THE STRANGENESS OF BEAUTY

IMAGE BY : CAREY FRUTH

I got a call from a friend yesterday to be a judge on a local beauty contest. It was a pretty last minute request and I am sure I wasn’t the first choice.

On the list of things that I dislike, beauty contests and talent shows for kids appear somewhere in the top ten. Nevertheless, coming from a dear friend on a not-so-hectic Tuesday evening, I couldn’t say no.

Moreover, when you are staring at the deep end of thirties with thirteen years of a committed relationship record, any close encounter with so many young members of the opposite sex is nothing short of a miracle.

I attended, sat with my fellow judges, ticked some boxes, looked at the competing girls, their faces, their bodies, their clothes, their catwalks, listened to them, introducing themselves, I objectified my fellow humans, wasting two hours of my life that I am never going to get back.

Driving home, I reflected on the concept of beauty, specifically, feminine beauty. Not the definition of external beauty or the sorry-excuse-of-a-concept called internal beauty.

But, what lies in beauty, its strangeness and the very idea of finding something beautiful?

Let’s just go back a bit to annihilate the inherently flawed concept of beauty contests first. Thanks to Wikipedia, now I know that the first recorded beauty contest was held in 1839 during the Eglinton Tournament, where Georgiana Seymour, Duchess of Somerset was crowned the ‘Queen of Beauty’. Yes, trust the ‘most beautiful people’ in the world who enjoy exactly five days of clear sky each year to admire their country’s natural beauty, to give the world an idea as stiff as their upper lip.

Nevertheless, the idea caught fancy of the rich, bored and pot bellied old men across the world mushrooming into a multi-billion dollar industry.

Now, thanks to this concept, the beauty industry and the tremendous pressure put on girls by popular media, the idea of female beauty has galvanised into one word, SEXY!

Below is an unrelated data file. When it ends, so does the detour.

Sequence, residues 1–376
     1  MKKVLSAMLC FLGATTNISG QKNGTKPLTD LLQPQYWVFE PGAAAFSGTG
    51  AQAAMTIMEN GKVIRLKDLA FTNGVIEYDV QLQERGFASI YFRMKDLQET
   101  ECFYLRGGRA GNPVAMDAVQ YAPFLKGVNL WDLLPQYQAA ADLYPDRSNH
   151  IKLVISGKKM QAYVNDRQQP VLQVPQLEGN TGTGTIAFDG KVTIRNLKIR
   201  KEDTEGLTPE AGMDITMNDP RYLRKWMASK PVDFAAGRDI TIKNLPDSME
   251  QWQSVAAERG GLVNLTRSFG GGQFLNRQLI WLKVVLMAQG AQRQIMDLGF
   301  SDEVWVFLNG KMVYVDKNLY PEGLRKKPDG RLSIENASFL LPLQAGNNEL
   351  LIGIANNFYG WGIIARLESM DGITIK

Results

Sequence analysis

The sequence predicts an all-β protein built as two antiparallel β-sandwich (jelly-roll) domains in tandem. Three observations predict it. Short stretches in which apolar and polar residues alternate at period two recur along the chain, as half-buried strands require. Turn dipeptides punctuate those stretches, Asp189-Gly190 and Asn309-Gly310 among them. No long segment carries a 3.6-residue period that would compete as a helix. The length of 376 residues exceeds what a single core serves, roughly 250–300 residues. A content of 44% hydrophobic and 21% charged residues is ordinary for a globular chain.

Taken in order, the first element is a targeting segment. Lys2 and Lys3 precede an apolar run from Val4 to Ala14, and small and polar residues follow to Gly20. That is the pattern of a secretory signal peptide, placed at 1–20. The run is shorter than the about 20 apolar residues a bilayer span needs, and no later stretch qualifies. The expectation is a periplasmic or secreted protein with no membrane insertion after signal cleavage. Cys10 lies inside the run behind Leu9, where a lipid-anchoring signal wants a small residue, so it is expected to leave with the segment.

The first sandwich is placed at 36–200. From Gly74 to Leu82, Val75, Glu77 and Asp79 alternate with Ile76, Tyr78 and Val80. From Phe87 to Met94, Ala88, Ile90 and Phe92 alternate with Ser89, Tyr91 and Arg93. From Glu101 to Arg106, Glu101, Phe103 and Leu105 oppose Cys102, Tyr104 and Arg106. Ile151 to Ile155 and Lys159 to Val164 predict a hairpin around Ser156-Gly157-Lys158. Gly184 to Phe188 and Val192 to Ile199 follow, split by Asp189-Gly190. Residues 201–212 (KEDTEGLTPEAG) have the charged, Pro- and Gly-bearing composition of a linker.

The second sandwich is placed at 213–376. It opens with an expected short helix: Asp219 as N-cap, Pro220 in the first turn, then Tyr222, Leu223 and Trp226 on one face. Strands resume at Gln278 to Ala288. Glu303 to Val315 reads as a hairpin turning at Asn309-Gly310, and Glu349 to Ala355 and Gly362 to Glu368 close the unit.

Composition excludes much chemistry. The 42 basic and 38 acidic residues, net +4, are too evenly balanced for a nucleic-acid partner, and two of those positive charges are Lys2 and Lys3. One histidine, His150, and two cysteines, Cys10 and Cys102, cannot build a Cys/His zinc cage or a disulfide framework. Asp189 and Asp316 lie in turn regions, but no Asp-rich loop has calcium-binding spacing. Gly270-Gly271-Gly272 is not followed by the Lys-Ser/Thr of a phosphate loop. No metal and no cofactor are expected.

Beauty is also at times, defined as, what lies in the eyes of the beholder, and the beholder, more often than not is a man. As like most other skewed concepts, including but not limited to religion, politics and capitalism, the definition of beauty also has a male outlook. We have made it so acceptable that even when a woman talks about beauty with respect to another woman, she subconsciously looks for attributes desirable to a man.

So, what is beauty, if not just physical or appealing to the male eye?

Its a concoction of an idea, its somewhat arbitrary, a description which should always be accompanied with, “conditions apply”.

Beauty is inherently a quality that gives a higher value to the person who perceives it. The lazy look my dog gives, stretched out on his stomach, wagging his tail when I enter home late at night is extremely beautiful to me. The scars on my lovers’ body that only I am privy to, are innately beautiful as they give value to our relationship.

Beauty has to be eternally strange yet conventional. Talking of the physical aspects of feminine beauty, I may find a husky voice on a petite girl, green eyes with a dusky skin or just the simplicity of girl, whose face I couldn’t see, folded into the pages of a book, she was reading on a crowded train, extremely beautiful.

It doesn’t have shape, size or definition; it’s transient depending on the beholder’s environment, her mental state and her necessities.

Beauty is a shape-shifting concept, one that can’t be defined through a single narrative and definitely not through a pageant.

It is something that speaks to your imagination.

I can’t even fathom to define beauty in its all-encompassing vastness through a six hundred word article.

Sometimes, an opposing idea comes up with a better definition, like in the words of Emerson, “The secret of ugliness consists not in irregularity, but in being uninteresting.”

May be we should stop defining beauty, especially feminine beauty and definitely stop judging from across a dais, those innately beautiful people whose beauty adds value to someone’s life in more ways than we could capture on a twenty-point assessment sheet.

— Dedicated to the beauties staring from the other side of the screen.

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